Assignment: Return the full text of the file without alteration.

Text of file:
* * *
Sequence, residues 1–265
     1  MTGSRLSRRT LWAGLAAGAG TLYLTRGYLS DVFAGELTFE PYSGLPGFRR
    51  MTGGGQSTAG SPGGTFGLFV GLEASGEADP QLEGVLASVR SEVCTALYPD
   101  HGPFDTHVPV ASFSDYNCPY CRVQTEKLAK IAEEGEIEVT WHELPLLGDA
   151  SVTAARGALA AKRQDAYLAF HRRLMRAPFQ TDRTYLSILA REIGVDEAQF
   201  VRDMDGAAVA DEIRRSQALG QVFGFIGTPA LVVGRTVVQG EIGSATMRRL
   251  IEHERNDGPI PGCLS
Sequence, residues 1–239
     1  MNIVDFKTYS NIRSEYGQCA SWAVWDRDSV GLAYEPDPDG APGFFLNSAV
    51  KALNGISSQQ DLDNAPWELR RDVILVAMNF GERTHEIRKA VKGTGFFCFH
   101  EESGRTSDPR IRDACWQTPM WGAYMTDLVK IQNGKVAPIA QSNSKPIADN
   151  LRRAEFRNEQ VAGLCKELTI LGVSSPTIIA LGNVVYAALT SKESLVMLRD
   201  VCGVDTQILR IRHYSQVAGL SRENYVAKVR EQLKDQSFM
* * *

Sequence, residues 1–265
     1  MTGSRLSRRT LWAGLAAGAG TLYLTRGYLS DVFAGELTFE PYSGLPGFRR
    51  MTGGGQSTAG SPGGTFGLFV GLEASGEADP QLEGVLASVR SEVCTALYPD
   101  HGPFDTHVPV ASFSDYNCPY CRVQTEKLAK IAEEGEIEVT WHELPLLGDA
   151  SVTAARGALA AKRQDAYLAF HRRLMRAPFQ TDRTYLSILA REIGVDEAQF
   201  VRDMDGAAVA DEIRRSQALG QVFGFIGTPA LVVGRTVVQG EIGSATMRRL
   251  IEHERNDGPI PGCLS
Sequence, residues 1–239
     1  MNIVDFKTYS NIRSEYGQCA SWAVWDRDSV GLAYEPDPDG APGFFLNSAV
    51  KALNGISSQQ DLDNAPWELR RDVILVAMNF GERTHEIRKA VKGTGFFCFH
   101  EESGRTSDPR IRDACWQTPM WGAYMTDLVK IQNGKVAPIA QSNSKPIADN
   151  LRRAEFRNEQ VAGLCKELTI LGVSSPTIIA LGNVVYAALT SKESLVMLRD
   201  VCGVDTQILR IRHYSQVAGL SRENYVAKVR EQLKDQSFM